The school thought that Gillian had a learning disorder and wrote to her parents suggesting that she should be in a school that catered for students with special needs. All of this took place in the 1930s.

Gillian’s mother took the letter seriously and took her to a psychologist for assessment, fearing the worst. The psychologist took Gillian to the far end of the room and sat her down on a sofa. The psychologist went back to his desk and for the next 20 minutes he asked Gillian’s mother about the difficulties she was having at school.

The psychologist thanked Gillian for her patience and asked her to be a bit more patient while he would have to talk to her mother confidentially outside the room. As he was leaving the room the psychologist leaned across his desk and turned on the radio. As soon as they were in the corridor outside the room, the psychologist said to Gillian’s mother, “Just stand here for a moment and watch what she does.”

There was a window to the room and they stood to one side of it where Gillian could not see them. Nearly immediately, Gillian was on her feet, moving around the room to the music. The two adults stood watching quietly for a few minutes, transfixed by the girl’s grace. They caught the expression of utter pleasure on her face.

At last, the psychologist turned to Gillian’s mother and said. “You know, Mrs. Lynne, Gillian isn’t sick. She is a dancer. Take her to a dance school.”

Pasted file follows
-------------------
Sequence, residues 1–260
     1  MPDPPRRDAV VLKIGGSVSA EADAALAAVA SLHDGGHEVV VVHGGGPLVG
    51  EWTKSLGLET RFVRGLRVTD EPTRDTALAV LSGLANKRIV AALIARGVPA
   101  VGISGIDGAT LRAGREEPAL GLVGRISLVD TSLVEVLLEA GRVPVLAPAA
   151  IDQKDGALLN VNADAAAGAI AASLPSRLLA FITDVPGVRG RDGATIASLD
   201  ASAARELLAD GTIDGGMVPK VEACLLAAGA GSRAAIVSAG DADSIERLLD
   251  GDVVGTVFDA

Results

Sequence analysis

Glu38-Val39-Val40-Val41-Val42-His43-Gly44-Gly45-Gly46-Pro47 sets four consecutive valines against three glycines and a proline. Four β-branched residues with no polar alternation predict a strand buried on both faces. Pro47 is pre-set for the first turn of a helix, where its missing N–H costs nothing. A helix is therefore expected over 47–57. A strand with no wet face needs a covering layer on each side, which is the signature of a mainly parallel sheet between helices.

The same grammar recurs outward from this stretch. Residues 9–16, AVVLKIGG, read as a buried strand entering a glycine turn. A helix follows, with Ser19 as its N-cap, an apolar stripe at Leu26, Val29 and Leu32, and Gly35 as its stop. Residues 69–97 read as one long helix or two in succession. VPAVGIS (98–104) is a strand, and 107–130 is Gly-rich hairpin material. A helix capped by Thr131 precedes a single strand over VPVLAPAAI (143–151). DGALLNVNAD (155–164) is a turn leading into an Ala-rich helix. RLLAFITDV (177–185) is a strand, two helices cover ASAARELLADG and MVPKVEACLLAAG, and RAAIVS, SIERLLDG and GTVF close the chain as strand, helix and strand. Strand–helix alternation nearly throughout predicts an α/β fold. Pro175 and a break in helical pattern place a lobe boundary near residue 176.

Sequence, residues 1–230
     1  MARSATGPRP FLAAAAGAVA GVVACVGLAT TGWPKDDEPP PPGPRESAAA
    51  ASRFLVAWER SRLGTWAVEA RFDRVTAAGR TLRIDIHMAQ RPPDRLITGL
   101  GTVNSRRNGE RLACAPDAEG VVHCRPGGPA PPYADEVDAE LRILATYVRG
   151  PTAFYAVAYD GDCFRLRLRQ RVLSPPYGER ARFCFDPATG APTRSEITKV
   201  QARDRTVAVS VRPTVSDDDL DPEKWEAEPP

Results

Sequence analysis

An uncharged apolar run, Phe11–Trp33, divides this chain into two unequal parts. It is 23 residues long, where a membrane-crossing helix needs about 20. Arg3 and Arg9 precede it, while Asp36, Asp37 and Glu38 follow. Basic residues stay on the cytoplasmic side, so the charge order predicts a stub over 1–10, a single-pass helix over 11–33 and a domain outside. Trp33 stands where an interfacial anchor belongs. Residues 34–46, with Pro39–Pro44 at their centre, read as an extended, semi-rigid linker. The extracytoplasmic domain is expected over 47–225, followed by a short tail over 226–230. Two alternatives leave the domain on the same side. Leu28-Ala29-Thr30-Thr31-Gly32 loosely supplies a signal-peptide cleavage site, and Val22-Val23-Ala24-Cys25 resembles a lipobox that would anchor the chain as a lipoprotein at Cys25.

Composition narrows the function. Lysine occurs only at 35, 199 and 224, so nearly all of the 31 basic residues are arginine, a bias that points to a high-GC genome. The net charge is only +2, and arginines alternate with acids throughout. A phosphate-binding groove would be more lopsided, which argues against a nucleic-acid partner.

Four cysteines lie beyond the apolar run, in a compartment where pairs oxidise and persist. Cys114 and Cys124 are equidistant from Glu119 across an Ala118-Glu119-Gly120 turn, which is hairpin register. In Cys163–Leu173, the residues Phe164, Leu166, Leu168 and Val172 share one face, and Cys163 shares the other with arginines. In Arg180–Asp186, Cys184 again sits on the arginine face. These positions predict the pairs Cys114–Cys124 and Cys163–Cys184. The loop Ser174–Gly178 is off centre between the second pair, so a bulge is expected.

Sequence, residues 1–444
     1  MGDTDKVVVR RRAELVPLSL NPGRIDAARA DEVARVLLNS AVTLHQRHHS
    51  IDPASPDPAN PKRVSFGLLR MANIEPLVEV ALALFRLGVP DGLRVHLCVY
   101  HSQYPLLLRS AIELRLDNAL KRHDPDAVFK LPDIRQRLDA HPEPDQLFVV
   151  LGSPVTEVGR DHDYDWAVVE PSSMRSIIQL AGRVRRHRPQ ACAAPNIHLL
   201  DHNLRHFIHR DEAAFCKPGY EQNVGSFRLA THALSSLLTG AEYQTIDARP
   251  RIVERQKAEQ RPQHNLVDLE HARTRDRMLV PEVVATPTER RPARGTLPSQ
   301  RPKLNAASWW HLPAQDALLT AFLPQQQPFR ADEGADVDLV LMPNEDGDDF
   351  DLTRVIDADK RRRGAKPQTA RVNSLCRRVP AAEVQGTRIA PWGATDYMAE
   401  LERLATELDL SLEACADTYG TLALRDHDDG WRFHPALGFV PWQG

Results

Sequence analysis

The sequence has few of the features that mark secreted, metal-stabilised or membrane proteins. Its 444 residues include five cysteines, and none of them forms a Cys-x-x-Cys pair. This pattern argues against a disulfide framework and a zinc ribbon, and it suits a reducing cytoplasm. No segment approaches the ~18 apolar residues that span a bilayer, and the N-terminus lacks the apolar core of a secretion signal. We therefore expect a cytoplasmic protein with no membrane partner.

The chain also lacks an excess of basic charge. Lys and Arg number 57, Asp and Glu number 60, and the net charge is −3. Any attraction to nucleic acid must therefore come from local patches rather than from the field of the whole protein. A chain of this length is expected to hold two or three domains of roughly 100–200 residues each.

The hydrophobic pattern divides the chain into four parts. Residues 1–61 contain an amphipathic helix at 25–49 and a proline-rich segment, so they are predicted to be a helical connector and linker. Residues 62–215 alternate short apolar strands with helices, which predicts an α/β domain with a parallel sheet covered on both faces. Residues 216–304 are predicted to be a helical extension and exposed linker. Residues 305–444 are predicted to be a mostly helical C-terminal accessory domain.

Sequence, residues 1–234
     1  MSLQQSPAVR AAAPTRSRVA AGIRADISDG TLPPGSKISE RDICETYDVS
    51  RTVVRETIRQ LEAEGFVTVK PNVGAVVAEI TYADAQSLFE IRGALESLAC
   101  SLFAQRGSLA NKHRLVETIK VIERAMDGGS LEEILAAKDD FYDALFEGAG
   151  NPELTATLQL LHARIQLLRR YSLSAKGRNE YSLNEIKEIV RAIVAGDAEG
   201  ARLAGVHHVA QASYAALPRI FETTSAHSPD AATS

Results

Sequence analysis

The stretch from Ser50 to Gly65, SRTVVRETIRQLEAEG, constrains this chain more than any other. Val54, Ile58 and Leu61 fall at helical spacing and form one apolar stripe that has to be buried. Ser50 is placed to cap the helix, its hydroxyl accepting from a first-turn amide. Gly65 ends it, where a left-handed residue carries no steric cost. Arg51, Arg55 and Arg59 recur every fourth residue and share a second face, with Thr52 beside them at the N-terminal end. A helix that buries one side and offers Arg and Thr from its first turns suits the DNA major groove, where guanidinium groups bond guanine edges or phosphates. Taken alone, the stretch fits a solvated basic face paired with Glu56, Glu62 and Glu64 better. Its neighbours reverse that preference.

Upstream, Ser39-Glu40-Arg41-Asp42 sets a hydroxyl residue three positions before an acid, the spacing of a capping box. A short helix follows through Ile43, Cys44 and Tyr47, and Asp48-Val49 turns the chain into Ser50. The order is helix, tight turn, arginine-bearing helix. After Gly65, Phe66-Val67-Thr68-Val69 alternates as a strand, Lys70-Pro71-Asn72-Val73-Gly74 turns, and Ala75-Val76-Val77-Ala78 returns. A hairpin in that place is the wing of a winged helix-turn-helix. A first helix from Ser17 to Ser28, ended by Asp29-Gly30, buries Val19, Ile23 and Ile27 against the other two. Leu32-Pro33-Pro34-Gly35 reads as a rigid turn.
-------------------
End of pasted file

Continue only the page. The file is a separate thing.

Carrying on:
The mother did exactly as the psychologist had suggested. Eventually, she was accepted by the Royal Ballet School in London. She went on to join the Royal Ballet Company itself, becoming a soloist and performing around the world.

She formed her own musical theatre company and produced a series of highly successful shows in London and New York. Eventually, she met Andrew Lloyd Webber and created with him some of the most successful musical theatre productions in history, including ‘Cats’ and the ‘Phantom of the Opera’.

Little Gillian, the girl with the high-risk future, became known to the world as Gillian Lynne, one of the most accomplished choreographers of our time, someone who brought pleasure to millions and earned millions of dollars.

This happened because someone looked deep into her eyes – someone who knew to identify talent and the potential that could exist. Someone else may have put her on medication or restricted her. But Gillian wasn’t a problem child. She didn’t need to go away to a special school. She just needed to be who she really was.

Good HR professionals will play the role of the psychologist and develop talent to yield great results to the company and society. There are many Gillians in your organisation and, Mr. HR Guy, have you recognised them?

(The writer is the Managing Director and CEO, McQuire Rens Group of Companies. He has held regional responsibilities of two multinational companies of which one was a Fortune 500 company. He carries out consultancy assignments and management training in Dubai, India, Maldives, Singapore, Malaysia and Indonesia. He is a much sought-after business consultant and corporate management trainer in Sri Lanka.)